The following Share Incentives practice note Produced in partnership with Nick Hipwell, Sarah Ferguson and Chris Baker of DLA Piper provides comprehensive and up to date legal information covering:
The concept of withholding or even recovering value from executives if a material adverse event occurs following the award of performance-related pay is now viewed as best market practice.
While malus and clawback undoubtedly have their roots in the financial services sector, they are also commonplace in the general corporate environment as a result of changes to the Financial Reporting Council’s (FRC) UK Corporate Governance Code following the 2008 recession and the subsequent expectations of the UK’s major institutional shareholders. Furthermore, the idea of malus and clawback as a check on executives’ moral accountability has taken hold among UK shareholders and the UK Department for Business, Energy and Industrial Strategy (BEIS) recently stated that it considers clawback to be a form of ‘natural justice’.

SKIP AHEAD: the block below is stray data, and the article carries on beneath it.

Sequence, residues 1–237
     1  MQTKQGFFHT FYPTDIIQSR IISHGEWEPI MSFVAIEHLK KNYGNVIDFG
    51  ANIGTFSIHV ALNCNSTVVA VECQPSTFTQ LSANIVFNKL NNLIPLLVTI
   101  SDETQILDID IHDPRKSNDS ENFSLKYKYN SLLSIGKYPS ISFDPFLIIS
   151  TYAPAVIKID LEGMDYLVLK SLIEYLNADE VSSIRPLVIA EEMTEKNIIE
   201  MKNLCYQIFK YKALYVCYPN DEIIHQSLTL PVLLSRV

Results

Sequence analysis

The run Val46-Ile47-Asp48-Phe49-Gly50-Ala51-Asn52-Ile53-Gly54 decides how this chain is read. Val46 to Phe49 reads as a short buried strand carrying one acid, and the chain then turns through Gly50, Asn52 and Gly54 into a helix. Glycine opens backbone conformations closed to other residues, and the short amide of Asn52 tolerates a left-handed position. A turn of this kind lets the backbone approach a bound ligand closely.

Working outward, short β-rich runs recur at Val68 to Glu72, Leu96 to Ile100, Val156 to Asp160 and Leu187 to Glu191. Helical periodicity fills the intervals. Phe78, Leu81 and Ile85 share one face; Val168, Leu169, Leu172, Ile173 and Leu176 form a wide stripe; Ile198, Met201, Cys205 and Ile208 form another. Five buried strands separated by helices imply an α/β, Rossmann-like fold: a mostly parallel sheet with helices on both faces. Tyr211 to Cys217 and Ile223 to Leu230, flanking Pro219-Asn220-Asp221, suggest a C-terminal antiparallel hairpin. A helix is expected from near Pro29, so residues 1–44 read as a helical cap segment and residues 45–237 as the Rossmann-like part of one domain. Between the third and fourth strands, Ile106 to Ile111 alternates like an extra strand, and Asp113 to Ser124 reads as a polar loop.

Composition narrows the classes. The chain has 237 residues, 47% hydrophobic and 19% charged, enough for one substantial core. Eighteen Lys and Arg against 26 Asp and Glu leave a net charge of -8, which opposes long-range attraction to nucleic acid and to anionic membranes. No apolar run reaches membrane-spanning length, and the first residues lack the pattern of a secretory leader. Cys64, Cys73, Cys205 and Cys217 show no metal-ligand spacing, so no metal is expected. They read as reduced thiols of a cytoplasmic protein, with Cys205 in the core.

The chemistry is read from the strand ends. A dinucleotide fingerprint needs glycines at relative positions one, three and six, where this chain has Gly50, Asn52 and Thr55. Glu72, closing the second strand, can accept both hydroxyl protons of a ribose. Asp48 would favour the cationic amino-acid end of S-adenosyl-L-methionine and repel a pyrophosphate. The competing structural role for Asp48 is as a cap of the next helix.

As a result, incorporating some form of arrangement to withhold and recover value from executives has now become a majority practice in the UK’s largest companies and is all but universal among FTSE 100 and FTSE 250 companies.
While the terms are frequently used interchangeably, from a technical perspective malus and clawback have a number of significant differences.
Malus is effectively an additional hurdle to the vesting of awards but is often also used to describe the method of withholding value from a participant up to the point of delivery.
Where a material
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